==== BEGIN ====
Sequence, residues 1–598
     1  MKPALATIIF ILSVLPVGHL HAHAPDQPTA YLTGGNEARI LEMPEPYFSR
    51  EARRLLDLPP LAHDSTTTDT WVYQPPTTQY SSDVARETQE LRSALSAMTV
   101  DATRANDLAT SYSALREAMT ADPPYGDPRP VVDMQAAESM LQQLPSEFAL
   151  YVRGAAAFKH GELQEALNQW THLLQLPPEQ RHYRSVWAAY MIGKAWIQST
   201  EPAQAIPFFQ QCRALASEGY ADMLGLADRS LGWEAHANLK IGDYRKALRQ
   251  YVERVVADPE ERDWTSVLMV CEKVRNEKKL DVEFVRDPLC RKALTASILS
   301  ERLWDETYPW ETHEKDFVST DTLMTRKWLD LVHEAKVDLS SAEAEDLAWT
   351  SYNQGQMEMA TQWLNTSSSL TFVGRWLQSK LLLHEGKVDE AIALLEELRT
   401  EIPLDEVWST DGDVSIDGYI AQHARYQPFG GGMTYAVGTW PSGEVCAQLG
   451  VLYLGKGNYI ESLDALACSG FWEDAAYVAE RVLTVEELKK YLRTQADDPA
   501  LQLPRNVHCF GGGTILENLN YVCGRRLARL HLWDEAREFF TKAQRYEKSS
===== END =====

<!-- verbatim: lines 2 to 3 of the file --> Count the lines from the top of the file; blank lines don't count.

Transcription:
     1  MKPALATIIF ILSVLPVGHL HAHAPDQPTA YLTGGNEARI LEMPEPYFSR
    51  EARRLLDLPP LAHDSTTTDT WVYQPPTTQY SSDVARETQE LRSALSAMTV